‘Pirating’ WOW! Subscribers Object to Having Their Identities Exposed to Filmmakers

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As part of an ongoing piracy liability lawsuit, Internet provider WOW! must share the personal details of 375 subscribers with a group of filmmakers. Dozens of targeted subscribers, who are seen as the most prolific pirates, have filed objections at the Colorado federal court. While privacy concerns are understandable, the subscribers themselves don't appear to be at risk.

pirate-flagWOW! is being sued by a group of movie companies including Millennium Media and Voltage Pictures.

The filmmakers accuse the ISP of failing to disconnect the accounts of subscribers who were repeatedly flagged for sharing copyrighted material. They hold WOW! liable for these pirating activities, which could lead to millions of dollars in damages.

The ISP challenged the claims and filed a motion to dismiss the case. Among other things, the company argued that an IP address is not sufficient to prove that subscribers downloaded or shared any infringing material. The filmmakers opposed this motion, which has yet to be decided on by the Colorado federal court.

Filmmakers Want Subscriber Details

In the meantime, another issue has raised its head. Both sides are gathering evidence to prepare for the case moving forward. As part of that process, the filmmakers have demanded the personal details of roughly 14,000 subscribers whose WOW! accounts were allegedly used to pirate content.

WOW! objected to this request, arguing that the names and addresses of its subscribers are irrelevant to the core question of whether it reasonably implemented a repeat infringer policy. The filmmakers disagreed, noting that the information can be cross-checked to determine whether the ISP notified its subscribers and terminated accounts in response to infringement notices.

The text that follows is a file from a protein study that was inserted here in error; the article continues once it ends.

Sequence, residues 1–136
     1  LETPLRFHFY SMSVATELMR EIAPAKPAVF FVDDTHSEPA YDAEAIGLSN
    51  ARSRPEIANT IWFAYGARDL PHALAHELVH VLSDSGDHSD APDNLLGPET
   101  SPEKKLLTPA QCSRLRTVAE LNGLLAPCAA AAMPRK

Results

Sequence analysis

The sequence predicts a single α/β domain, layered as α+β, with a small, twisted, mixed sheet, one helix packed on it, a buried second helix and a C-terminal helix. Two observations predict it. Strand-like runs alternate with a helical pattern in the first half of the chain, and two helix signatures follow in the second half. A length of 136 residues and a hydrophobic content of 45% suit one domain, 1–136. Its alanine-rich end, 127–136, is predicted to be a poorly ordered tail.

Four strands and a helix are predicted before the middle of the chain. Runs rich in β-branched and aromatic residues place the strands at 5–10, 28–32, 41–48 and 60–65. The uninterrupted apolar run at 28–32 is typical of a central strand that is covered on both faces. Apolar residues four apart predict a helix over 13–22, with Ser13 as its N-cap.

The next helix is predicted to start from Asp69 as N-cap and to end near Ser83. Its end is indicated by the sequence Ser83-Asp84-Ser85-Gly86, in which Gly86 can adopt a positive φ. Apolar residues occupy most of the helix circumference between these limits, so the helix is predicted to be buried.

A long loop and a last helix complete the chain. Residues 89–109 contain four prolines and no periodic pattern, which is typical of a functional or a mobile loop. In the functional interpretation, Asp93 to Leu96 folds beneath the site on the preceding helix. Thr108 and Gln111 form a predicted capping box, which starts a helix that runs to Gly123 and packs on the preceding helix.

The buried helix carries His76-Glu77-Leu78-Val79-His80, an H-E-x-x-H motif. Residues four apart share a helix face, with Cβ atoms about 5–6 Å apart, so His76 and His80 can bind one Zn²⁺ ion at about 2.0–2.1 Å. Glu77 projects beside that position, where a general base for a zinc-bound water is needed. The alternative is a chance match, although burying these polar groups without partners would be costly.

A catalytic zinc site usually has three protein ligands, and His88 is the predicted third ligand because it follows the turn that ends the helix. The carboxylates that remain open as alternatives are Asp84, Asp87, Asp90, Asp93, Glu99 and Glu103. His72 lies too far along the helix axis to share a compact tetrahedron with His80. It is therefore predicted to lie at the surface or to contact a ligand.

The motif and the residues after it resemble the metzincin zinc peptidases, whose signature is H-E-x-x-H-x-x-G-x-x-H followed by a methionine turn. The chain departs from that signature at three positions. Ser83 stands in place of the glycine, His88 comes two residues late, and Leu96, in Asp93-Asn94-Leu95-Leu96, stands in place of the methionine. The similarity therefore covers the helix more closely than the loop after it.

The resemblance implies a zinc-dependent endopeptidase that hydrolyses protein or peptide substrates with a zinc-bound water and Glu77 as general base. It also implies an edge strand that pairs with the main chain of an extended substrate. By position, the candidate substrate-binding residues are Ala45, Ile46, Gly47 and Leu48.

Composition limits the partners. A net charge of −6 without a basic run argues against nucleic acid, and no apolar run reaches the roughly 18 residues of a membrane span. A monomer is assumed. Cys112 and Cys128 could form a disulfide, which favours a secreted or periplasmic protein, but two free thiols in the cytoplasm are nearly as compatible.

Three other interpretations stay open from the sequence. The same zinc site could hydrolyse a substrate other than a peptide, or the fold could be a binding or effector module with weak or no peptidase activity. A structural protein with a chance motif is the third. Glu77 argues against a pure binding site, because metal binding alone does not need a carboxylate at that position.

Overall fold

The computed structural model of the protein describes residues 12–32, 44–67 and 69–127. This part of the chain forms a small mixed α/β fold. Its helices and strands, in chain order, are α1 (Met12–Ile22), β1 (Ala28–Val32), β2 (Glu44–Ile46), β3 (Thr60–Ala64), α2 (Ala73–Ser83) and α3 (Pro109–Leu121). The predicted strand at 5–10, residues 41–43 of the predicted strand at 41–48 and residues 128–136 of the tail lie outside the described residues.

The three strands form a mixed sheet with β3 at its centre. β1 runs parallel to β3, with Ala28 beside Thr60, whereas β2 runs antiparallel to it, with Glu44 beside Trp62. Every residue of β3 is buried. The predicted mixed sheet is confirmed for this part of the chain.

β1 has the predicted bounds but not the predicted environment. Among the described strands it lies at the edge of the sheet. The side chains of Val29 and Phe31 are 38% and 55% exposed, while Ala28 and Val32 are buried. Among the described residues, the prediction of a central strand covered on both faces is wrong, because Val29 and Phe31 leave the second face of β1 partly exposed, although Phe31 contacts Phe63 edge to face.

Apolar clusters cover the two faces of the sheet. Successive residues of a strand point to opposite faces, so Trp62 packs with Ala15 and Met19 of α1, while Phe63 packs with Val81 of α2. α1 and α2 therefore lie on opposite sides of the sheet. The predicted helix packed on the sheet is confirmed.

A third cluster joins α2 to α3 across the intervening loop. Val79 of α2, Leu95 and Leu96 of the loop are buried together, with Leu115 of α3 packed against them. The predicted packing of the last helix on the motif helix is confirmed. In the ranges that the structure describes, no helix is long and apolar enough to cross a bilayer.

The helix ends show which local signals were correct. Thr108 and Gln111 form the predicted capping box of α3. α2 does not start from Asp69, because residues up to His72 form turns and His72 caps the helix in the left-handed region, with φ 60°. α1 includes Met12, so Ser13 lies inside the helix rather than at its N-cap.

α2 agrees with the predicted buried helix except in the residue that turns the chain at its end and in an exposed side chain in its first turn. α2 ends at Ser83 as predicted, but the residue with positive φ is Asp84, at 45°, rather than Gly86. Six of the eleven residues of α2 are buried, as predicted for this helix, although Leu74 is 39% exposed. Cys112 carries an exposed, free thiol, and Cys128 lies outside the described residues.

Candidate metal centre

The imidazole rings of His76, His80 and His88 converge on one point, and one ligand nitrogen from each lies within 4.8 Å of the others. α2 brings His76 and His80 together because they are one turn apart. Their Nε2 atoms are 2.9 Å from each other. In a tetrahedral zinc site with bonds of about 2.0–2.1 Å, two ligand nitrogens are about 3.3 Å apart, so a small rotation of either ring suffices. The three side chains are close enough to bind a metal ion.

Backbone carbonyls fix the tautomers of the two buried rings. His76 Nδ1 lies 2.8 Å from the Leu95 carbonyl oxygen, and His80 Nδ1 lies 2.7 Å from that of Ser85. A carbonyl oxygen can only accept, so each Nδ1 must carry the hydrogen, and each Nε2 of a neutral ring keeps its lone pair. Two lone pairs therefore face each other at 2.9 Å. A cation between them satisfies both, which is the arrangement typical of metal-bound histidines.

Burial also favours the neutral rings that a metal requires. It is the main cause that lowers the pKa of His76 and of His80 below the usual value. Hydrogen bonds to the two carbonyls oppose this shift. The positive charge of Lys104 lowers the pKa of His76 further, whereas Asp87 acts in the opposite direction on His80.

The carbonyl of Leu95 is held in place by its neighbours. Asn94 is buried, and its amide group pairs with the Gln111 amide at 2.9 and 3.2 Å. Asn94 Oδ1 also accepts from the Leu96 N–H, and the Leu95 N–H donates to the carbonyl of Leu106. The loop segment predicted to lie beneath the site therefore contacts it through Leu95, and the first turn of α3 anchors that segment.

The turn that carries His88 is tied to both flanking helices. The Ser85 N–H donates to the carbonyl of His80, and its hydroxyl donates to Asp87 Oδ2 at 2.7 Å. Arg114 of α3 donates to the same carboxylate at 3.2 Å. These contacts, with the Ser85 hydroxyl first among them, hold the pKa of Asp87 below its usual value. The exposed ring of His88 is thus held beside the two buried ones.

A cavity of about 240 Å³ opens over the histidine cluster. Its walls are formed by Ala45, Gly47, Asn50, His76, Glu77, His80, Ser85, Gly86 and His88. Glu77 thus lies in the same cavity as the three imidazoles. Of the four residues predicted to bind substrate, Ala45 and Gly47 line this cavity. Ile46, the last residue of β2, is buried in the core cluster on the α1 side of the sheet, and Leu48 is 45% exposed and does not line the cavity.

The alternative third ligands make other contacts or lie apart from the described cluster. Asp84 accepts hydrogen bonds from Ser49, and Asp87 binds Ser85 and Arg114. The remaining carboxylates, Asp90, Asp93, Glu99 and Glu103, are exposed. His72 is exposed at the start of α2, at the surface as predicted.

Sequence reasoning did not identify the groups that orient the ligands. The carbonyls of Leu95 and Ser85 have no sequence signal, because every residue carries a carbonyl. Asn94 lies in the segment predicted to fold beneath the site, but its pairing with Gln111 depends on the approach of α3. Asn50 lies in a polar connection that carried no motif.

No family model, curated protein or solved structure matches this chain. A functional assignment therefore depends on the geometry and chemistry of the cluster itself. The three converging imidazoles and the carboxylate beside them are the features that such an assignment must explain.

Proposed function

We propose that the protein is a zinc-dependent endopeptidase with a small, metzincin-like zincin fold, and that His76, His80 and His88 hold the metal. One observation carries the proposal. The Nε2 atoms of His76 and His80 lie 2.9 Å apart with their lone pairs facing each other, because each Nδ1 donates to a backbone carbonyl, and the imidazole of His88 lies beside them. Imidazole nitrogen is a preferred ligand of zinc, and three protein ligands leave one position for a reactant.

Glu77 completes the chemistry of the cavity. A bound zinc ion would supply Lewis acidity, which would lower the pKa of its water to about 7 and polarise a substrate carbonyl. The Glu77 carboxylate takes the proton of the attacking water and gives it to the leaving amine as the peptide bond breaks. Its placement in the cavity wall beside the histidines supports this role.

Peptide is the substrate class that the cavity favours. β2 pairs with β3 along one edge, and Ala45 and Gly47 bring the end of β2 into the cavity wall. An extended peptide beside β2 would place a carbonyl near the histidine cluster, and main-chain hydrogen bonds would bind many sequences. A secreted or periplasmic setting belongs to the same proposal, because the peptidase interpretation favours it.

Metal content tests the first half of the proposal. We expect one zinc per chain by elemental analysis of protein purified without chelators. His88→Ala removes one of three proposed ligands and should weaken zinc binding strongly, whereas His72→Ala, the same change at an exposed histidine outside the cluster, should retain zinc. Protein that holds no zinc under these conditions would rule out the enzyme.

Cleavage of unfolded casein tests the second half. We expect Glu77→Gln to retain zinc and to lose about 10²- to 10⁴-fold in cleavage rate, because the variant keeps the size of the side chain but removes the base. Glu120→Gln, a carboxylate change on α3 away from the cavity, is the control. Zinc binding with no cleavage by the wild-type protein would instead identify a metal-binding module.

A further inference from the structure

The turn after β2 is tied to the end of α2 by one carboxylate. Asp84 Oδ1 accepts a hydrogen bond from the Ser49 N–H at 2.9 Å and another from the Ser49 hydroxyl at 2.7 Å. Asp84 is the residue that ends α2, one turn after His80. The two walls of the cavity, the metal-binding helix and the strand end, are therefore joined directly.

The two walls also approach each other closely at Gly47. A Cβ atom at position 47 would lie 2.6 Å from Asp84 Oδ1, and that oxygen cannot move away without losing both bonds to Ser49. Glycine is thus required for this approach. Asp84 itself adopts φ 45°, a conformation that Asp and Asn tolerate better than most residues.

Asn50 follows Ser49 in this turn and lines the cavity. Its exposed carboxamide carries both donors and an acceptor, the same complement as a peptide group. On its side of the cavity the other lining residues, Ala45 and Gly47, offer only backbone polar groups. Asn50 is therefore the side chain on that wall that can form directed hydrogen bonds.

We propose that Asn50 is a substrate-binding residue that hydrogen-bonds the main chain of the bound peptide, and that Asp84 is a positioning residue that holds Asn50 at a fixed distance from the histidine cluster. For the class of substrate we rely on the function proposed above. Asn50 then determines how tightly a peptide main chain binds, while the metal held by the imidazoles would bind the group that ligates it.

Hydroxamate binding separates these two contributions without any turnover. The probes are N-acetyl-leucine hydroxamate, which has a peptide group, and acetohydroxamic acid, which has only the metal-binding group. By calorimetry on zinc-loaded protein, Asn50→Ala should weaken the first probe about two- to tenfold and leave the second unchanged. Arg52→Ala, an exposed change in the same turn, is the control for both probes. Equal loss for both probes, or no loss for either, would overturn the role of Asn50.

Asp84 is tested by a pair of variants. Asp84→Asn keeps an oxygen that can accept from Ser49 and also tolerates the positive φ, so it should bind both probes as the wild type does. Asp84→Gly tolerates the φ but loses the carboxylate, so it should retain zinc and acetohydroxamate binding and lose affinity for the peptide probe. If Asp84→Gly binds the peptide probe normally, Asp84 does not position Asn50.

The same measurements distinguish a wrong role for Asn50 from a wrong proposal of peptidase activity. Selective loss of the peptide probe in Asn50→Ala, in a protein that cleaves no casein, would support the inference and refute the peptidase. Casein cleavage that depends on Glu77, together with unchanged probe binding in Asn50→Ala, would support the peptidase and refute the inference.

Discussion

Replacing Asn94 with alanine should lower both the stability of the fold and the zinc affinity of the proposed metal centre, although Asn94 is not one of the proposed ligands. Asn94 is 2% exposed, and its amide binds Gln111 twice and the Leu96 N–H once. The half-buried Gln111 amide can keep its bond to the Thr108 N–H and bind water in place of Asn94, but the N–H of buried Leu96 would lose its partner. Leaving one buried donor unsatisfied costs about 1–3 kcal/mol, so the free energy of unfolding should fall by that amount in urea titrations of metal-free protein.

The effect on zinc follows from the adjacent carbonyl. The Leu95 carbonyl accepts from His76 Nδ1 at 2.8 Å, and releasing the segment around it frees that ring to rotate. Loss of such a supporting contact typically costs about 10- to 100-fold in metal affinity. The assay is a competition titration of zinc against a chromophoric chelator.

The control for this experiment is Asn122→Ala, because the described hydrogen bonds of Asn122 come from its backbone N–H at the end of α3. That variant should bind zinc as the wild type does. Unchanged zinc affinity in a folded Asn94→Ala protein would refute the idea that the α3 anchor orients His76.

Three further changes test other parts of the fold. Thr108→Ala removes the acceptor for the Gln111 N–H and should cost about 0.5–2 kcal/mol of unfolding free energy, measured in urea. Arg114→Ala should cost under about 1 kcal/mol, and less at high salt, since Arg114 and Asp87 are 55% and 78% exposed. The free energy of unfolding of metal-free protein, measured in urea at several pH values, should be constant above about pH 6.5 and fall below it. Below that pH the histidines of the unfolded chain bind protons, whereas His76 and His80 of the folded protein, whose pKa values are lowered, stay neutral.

After reviewing the arguments from both sides, the Court eventually came up with a compromise. The filmmakers offered to reduce the targeted IP-addresses to the 375 top pirating unique IP addresses, which the Court saw as a reasonable request, especially considering the damages at stake.

“This is a more reasonable and proportional request, particularly since Plaintiffs currently calculate their statutory damages at $13,950,000,” Judge Hegarty wrote.

Subscribers File Objections

Not all WOW! subscribers are pleased with this order, however. Over the past few weeks, more than 30 “John Doe” subscribers objected to having their personal details shared with the filmmakers.


The content of these objections is shielded from public view, and it’s not clear how the Court will respond. When Judge Hegarty issued the underlying order he noted that objections would be promptly resolved, but there’s no sign of that in the docket.

It’s understandable that the subscribers want to remain anonymous. They are suspected of repeatedly downloading and sharing pirated films, which can potentially lead to tens of thousands of dollars in damages claims. In this case, however, subscribers appear to have little to worry about.

Nothing to Worry About?

WOW! and the filmmakers previously signed a mutually agreed protective order which states that the subscriber information “shall be used solely for the purpose of preparation, trial, and appeal of this litigation and for no other purpose.”

The filmmakers said that they want to reach out to the subscribers directly in order to verify that WOW! took measures to address repeat infringers. This reason was also cited by Judge Hegarty when he ruled on the order.

“Plaintiffs want to be able to, in essence, cross-check whatever Defendant produces with information from the subscribers themselves.”

The filmmakers believe that the Internet provider isn’t being entirely forthright. Their complaint already cited two declarations from pirating WOW! subscribers, who state that the ISP never forwarded any notices to them, despite claims to the contrary.

Whether the Court will grant the objections and keep the identities of the objecting subscribers private has yet to be seen. In the grander scheme of things it shouldn’t matter too much, as the filmmakers still have hundreds of others they can “cross-check” things with.


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